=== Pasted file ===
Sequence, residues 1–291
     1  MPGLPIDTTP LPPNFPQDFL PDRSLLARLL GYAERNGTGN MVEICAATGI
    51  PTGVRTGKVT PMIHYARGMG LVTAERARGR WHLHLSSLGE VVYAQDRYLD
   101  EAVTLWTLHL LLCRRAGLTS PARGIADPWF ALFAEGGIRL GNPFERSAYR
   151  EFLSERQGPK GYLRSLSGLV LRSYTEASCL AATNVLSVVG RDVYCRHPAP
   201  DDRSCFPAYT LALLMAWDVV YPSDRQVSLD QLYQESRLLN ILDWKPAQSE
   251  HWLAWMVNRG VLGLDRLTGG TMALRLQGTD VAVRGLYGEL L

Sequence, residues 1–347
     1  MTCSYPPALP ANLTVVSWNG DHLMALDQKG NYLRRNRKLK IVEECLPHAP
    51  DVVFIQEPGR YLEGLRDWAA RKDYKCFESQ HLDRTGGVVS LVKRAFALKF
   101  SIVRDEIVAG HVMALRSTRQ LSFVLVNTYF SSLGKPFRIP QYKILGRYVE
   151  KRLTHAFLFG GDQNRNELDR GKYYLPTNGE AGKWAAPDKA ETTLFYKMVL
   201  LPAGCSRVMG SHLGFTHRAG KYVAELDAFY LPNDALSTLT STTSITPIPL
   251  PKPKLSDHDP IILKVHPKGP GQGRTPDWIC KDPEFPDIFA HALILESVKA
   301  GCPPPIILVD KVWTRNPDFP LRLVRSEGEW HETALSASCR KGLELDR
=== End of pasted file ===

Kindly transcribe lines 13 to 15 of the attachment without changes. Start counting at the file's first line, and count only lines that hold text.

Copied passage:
   201  LPAGCSRVMG SHLGFTHRAG KYVAELDAFY LPNDALSTLT STTSITPIPL
   251  PKPKLSDHDP IILKVHPKGP GQGRTPDWIC KDPEFPDIFA HALILESVKA
   301  GCPPPIILVD KVWTRNPDFP LRLVRSEGEW HETALSASCR KGLELDR